Pharaoh's tomb to be mummy of all shows
AN exact replica of an Egyptian burial chamber is to form the centrepiece of a major new exhibition in Edinburgh.
The tomb of Pharaoh Thutmosis III, known as the Napoleon of ancient Egypt, is to be built in the City Arts Centre.
More than 60,000 visitors are expected to flock to the exclusive UK exhibition when it opens in October.
And organisers admitted final visitor numbers could be far higher, given the enduring appeal of ancient Egypt.
The replica of the burial chamber, the original of which was discovered in 1898 halfway up a cliff-face in the Valley of the Kings, comes from a detailed laser copy made by Madrid-based company Factum Arte.
The walls of the chamber contain a complete depiction of the Amduat, the oldest Egyptian book of the netherworld which chronicles the pharaoh's 12-hour journey to the afterlife.
A version of it was included in The Quest for Immortality exhibition at the National Gallery of Art in Washington last year, where it was regarded as the highlight of the show.
The Edinburgh exhibition, entitled Immortal Pharaoh: The Tomb of Thutmosis III, was due to be announced by the council this morning.
It will also feature priceless artefacts from the Museum of Antiquities in Basel in Switzerland and the Kestener Museum in Hanover.
These will cover the entire span of ancient Egyptian history and will illustrate the themes of the Amduat, as well as the rituals around burial, mummification and the ancient Egyptians' belief in resurrection.
There will also be a 30-minute film featuring Dr Eric Hornung, professor emeritus of Egyptology at the University of Basel.
The film shows Dr Hornung in the actual tomb of Thutmosis III and takes viewers through each hour of the sun god's journey, also described in the Amduat. A version of the exhibition was held in the Museo Archeologico Nacional in Madrid last year, and attracted 93,253 visitors in just nine weeks.
It is the first major exhibit on ancient Egypt since the city hosted the Gold of The Pharaohs in 1988.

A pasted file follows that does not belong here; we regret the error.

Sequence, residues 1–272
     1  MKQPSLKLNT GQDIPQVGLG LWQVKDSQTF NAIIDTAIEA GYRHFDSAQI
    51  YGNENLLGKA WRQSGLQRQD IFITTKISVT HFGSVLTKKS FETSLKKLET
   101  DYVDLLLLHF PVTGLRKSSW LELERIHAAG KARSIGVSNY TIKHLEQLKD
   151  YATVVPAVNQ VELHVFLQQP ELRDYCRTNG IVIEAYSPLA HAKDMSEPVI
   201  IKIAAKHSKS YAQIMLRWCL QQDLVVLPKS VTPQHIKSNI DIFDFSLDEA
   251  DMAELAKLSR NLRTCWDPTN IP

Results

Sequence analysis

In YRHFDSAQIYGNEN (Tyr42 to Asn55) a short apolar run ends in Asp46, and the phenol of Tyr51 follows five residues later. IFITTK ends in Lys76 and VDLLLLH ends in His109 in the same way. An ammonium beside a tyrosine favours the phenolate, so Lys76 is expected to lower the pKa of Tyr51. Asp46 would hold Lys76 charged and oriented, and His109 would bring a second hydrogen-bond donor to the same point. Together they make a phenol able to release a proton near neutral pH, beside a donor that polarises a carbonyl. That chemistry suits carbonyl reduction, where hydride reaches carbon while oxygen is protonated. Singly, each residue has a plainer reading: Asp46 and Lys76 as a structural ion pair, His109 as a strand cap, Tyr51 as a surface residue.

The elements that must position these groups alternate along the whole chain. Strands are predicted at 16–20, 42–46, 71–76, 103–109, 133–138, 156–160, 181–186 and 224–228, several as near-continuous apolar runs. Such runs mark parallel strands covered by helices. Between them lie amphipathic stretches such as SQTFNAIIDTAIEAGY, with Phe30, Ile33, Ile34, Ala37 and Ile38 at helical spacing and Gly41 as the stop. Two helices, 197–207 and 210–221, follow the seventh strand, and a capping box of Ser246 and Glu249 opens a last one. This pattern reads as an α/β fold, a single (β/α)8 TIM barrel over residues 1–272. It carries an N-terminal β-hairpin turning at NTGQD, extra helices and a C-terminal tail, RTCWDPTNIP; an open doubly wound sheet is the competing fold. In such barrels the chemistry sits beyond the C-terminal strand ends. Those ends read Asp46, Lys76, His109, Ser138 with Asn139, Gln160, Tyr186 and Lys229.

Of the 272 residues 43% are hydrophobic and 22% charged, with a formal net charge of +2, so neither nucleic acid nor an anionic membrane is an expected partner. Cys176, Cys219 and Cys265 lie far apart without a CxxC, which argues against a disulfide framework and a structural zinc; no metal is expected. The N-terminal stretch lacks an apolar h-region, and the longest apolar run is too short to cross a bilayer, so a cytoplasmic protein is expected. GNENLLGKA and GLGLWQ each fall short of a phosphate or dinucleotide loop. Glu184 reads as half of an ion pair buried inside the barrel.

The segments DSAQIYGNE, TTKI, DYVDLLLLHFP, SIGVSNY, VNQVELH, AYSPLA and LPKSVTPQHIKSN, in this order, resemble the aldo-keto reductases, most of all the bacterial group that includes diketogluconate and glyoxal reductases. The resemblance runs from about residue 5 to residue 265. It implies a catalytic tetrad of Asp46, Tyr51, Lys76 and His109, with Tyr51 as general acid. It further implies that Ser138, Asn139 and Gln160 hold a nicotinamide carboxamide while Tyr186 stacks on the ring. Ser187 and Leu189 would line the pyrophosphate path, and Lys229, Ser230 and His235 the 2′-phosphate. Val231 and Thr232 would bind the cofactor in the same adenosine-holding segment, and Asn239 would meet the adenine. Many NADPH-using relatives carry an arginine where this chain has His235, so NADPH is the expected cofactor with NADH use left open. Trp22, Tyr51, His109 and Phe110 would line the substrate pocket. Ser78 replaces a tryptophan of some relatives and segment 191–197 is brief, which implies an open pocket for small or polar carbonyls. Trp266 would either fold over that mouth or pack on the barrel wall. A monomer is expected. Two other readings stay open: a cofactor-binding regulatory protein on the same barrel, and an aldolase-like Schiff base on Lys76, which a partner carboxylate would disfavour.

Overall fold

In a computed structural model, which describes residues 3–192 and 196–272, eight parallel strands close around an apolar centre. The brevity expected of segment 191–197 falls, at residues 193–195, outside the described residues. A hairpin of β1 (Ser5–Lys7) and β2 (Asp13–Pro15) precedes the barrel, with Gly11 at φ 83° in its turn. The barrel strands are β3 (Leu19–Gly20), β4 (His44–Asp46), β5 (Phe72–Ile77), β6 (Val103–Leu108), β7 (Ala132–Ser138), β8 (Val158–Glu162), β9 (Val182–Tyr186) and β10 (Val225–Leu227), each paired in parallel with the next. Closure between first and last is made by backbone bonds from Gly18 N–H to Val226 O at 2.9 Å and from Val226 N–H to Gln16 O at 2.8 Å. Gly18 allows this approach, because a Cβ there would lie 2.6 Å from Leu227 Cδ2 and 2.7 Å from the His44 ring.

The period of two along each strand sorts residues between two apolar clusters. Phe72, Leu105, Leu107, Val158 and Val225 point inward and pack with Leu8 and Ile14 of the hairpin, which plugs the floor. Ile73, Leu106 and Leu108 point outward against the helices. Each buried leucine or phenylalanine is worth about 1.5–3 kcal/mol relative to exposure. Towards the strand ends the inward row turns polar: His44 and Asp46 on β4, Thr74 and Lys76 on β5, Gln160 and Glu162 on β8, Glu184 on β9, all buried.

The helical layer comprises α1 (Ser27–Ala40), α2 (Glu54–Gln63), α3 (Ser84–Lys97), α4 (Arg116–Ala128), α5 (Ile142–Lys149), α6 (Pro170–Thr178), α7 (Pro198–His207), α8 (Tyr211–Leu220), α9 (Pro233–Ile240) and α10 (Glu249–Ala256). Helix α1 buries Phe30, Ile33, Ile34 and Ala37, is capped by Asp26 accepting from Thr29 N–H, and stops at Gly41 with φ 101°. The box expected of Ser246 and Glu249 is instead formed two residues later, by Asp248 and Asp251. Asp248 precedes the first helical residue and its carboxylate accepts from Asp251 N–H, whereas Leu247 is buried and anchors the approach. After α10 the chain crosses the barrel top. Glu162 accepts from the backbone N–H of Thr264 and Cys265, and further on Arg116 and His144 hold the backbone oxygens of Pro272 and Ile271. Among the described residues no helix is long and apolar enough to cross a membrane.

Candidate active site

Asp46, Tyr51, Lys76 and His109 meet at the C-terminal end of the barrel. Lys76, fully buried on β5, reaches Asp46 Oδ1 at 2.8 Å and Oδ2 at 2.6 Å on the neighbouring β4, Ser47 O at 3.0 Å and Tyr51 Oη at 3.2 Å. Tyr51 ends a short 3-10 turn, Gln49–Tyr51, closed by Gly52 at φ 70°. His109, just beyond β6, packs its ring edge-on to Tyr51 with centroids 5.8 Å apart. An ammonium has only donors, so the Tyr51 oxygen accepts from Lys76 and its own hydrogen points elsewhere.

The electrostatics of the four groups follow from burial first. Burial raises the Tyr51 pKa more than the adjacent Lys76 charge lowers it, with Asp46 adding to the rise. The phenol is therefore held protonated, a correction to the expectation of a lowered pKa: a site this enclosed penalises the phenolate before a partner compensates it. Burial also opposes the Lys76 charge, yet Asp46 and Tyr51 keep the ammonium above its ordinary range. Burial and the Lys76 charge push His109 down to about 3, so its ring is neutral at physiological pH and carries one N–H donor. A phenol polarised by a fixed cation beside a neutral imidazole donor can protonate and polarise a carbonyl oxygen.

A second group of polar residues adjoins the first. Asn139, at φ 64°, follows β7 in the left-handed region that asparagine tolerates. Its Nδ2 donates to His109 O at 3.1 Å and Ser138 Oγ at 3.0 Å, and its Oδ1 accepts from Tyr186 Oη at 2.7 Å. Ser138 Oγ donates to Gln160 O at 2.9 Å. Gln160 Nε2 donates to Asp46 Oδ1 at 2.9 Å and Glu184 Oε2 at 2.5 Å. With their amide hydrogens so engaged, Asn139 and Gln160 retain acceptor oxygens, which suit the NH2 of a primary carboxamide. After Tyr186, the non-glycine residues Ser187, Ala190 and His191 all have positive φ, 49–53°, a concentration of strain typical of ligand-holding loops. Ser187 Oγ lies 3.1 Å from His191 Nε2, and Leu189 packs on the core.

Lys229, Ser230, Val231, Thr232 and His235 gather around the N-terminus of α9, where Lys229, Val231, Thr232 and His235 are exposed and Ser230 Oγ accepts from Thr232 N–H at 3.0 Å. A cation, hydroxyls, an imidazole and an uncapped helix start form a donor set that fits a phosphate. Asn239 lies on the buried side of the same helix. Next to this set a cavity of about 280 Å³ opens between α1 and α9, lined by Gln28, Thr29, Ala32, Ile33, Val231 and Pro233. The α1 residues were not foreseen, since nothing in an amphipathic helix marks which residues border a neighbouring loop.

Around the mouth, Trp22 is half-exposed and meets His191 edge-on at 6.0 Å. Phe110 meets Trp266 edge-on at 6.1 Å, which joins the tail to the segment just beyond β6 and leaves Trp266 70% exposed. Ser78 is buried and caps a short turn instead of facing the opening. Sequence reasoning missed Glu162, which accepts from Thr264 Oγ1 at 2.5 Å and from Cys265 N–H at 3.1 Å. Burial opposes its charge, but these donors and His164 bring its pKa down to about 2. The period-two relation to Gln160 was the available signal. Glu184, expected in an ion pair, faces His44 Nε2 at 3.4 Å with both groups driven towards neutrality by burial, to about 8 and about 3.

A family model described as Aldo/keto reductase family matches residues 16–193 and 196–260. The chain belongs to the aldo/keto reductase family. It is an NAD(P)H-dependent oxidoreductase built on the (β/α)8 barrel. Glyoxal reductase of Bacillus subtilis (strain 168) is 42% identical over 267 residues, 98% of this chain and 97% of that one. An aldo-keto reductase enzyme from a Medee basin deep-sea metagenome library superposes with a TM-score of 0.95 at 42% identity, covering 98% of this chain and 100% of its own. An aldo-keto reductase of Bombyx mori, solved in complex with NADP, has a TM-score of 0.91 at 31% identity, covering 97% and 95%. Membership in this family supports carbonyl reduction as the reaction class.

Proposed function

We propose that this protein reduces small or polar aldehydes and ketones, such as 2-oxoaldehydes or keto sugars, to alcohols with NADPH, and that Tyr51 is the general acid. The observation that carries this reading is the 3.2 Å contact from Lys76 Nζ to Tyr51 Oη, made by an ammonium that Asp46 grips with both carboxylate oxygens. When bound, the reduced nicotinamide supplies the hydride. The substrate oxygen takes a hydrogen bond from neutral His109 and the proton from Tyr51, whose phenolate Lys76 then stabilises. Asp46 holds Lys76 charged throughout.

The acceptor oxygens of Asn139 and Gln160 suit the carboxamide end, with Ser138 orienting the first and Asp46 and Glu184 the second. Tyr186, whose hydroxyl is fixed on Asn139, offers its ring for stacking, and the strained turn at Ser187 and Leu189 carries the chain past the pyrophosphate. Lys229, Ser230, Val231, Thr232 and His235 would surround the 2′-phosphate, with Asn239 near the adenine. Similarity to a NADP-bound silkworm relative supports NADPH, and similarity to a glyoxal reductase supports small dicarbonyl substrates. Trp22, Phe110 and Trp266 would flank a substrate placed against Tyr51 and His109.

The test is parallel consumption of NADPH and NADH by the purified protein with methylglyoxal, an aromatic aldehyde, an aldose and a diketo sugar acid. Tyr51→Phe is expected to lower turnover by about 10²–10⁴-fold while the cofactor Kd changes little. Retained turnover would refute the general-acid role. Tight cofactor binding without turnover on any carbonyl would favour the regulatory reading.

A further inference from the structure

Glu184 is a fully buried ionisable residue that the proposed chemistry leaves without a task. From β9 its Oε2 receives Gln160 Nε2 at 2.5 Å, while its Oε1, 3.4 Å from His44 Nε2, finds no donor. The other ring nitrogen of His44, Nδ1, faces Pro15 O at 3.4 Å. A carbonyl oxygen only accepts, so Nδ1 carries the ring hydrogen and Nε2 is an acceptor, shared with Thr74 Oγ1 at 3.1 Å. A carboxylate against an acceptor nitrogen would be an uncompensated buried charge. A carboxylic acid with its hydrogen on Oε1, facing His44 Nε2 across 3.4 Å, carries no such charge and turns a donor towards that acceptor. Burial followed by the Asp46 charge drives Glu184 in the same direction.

That was a spectacular success, attracting 447,560 visitors, and it is still the City Arts Centre's most popular exhibition.
This new exhibition is smaller in scale however, which is why the council expects to attract around 60,000.
The exhibition was offered to the city to replace the Greatest Fairy Tale: The Amazing Life of Hans Christian Andersen, which was scheduled to run at the City Arts Centre in October.
Its showing at Rosenbourg Castle in Copenhagen has been delayed and the exhibition is now expected to arrive in Edinburgh in January.
Herbert Coutts, the council's director of culture and leisure, said: "Ancient Egypt has an enduring appeal and the exhibition will be one of the major events of winter 2005-6.
"There has long been great interest in the history of ancient Egypt among the general public and it is anticipated the Immortal Pharaoh: The Tomb of Thutmosis III will prove to be a successful cultural and tourism event.
"The showing at the City Arts Centre, which is a UK exclusive, emphasises Edinburgh's role at the cutting edge of cultural tourism."
ONE of the great pharaohs of ancient Egypt, Thutmosis III ruled during the 18th dynasty, from 1479 to 1426 BC.
He belongs to the country's most glorious era and was particularly noted for laying the foundation of Egypt's African and Asian empire.
He succeeded his step-mother and aunt, Hatshepsut, who had ruled as regent when Thutmosis II died.
Thutmosis III abandoned her peaceful policies and his battles were recorded in great detail by his royal scribe and army commander, Thanuny.
The pharaoh was also noted for his building programme, which surpassed those of previous rulers and saw monuments erected across Egypt and Nubia.
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